Panorama – recent art from contemporary Asia (2/4)

We were talking about the Panorama series of exhibition at the Singapore Art Museum in a post a couple of days ago and I shall now continue to share about more artworks presented by the long awaited show.

Moving on from Cloud Nine to the other end of the gallery on level 1, we will be watching a short video of Singapore artist Justin Lee blending a fast food value meal bought from a global giant fast food brand and drinking the blended “beverage”.

Go watch it and tell me what do you think and what have you inferred from the video?

Is it about instant gratification turned instant repulsiveness? Has he brought “fast” food to an extremely fast speed? Is he questioning the habit of food consumption in today’s urban world? I will leave that to you.

Eat Fast Food Fast

Enough of frown-inducing video, turn around to look at the different works by local graffiti artist Zul Othman aka ZERO. Look at the cuddly and colourful cushions, especially their faces, what comes to your mind immediately? What do you think of pairing such a cushion with such a face? Would you buy a cushion? If yes, of which colour?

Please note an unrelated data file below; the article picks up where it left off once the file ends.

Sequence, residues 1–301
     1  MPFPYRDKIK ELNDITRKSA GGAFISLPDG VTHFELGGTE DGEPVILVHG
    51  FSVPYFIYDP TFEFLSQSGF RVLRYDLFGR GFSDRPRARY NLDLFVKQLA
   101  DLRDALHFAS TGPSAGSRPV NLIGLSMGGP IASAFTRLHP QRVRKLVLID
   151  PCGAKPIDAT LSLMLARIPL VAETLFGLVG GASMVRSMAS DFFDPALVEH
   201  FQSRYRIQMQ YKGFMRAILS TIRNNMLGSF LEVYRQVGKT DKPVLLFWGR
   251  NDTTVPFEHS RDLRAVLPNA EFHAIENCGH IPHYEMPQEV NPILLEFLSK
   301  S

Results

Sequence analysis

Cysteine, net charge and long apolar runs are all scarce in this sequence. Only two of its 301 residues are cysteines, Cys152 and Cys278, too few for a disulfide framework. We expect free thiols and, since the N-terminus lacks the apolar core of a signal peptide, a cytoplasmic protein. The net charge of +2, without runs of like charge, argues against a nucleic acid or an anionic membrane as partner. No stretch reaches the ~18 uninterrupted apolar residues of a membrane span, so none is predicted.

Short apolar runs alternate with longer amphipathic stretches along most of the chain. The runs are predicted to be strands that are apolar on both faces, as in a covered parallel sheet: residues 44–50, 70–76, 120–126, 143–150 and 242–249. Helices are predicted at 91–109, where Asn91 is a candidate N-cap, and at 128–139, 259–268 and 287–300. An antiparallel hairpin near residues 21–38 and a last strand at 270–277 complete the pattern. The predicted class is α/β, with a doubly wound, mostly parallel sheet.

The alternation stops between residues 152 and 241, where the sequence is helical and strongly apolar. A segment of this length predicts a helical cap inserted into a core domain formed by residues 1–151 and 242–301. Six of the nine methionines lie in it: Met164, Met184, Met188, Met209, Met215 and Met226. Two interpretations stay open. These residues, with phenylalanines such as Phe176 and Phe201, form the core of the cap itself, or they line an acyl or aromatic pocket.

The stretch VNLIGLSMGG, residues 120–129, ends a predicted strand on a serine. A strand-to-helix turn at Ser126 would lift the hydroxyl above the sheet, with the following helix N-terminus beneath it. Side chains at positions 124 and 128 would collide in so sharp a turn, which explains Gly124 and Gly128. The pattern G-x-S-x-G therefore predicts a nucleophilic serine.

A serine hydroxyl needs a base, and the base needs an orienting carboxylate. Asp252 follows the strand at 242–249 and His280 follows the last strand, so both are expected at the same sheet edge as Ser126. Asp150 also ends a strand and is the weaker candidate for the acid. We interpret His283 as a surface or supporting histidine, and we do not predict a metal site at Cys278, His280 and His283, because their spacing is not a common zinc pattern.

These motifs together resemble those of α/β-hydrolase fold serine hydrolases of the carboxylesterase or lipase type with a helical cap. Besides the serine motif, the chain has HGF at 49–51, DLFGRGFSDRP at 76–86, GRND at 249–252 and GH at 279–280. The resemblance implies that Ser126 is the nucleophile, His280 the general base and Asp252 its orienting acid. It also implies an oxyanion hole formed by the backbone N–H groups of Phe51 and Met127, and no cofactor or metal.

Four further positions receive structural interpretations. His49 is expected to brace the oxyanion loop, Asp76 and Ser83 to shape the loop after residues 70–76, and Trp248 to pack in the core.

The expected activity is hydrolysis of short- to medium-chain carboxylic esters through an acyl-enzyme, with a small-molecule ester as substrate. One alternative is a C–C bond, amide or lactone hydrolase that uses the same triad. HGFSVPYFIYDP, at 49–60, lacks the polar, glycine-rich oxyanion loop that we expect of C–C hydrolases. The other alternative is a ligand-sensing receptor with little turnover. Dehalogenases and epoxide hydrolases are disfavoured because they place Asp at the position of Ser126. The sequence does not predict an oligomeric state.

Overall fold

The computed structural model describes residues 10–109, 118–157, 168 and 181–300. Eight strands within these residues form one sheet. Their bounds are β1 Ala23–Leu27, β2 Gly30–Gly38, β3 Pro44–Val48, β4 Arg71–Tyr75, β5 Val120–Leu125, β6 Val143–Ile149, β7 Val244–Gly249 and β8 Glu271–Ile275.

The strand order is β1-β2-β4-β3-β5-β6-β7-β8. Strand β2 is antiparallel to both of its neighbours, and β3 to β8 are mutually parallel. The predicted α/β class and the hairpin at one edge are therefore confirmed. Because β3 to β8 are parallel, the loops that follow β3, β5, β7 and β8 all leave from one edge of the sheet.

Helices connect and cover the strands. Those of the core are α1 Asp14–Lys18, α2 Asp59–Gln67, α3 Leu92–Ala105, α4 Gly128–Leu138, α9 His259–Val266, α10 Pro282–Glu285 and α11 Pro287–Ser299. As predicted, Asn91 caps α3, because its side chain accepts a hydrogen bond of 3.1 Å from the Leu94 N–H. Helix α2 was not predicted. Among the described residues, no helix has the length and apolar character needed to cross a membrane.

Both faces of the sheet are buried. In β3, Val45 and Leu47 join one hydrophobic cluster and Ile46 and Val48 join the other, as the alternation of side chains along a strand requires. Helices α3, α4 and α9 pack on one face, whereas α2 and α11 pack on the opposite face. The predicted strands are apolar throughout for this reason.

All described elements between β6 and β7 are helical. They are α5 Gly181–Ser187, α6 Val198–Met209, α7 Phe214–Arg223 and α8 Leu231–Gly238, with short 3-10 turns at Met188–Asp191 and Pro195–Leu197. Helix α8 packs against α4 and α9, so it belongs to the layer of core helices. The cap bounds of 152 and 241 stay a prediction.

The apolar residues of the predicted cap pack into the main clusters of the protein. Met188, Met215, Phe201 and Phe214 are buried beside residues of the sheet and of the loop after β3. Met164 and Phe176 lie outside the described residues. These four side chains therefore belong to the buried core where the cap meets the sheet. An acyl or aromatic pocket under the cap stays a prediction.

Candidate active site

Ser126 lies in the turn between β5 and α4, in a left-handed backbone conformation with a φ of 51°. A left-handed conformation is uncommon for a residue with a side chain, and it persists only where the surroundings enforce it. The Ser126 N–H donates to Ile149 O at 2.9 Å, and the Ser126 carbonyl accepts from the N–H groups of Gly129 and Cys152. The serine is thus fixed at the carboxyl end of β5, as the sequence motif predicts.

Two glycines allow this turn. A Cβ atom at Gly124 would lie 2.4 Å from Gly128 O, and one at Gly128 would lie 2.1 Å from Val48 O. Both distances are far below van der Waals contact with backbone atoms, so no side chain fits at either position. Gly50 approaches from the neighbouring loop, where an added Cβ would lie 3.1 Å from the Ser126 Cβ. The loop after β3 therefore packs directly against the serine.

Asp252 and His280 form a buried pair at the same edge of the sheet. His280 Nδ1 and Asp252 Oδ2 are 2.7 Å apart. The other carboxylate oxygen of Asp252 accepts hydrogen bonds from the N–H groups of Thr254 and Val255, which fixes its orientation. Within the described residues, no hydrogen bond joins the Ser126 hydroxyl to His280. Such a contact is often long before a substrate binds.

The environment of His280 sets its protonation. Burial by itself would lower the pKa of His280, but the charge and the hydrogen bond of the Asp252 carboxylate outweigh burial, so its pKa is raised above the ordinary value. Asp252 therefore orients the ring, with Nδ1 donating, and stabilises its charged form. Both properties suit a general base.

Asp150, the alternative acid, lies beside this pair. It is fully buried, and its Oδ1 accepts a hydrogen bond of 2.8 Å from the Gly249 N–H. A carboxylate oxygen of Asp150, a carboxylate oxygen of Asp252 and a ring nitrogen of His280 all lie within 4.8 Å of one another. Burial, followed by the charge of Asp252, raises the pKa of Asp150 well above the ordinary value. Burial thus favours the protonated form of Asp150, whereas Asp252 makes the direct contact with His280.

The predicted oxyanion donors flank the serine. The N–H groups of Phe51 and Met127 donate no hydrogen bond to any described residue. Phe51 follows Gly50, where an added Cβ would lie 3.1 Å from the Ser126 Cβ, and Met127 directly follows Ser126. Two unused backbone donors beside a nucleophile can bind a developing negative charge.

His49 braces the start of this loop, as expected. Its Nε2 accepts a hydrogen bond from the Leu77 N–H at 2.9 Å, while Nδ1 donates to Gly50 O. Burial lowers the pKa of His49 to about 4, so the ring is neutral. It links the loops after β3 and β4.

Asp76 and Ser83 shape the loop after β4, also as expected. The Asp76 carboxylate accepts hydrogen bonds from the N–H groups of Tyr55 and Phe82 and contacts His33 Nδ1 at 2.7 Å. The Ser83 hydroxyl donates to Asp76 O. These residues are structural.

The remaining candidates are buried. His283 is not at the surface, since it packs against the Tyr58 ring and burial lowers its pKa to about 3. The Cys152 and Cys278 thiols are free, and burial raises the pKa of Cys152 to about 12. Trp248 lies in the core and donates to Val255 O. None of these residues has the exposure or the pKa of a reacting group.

If you have answered the above questions, you would have done a simple consumer survey in a market research.

Being a graffiti artist, ZERO walks on thin ice whenever he makes art as graffiti art is still illegal in many countries, including Singapore, hence he may sometimes have to compromise during the process of his art creation. On the other hand, when his modified graffiti art is endorsed and adopted by commercial brands, everything seems to be readily acceptable.

CMYK Soft Sculptures, Agent Provocateur, Monogram

I choose to see it in a triangular formation, with graffiti art, consumer trend and commercialisation at the three points of a triangle. They are inter-dependent and mutually affective, in the sense that, graffiti art is adjusted to suit consumer demand, and the latter is manipulated by commercial brands, which in turn depend on graffiti artworks to sell or advertise their products and services.

To move back upstairs to further explore level 2 gallery, click here!


2 thoughts on “Panorama – recent art from contemporary Asia (2/4)

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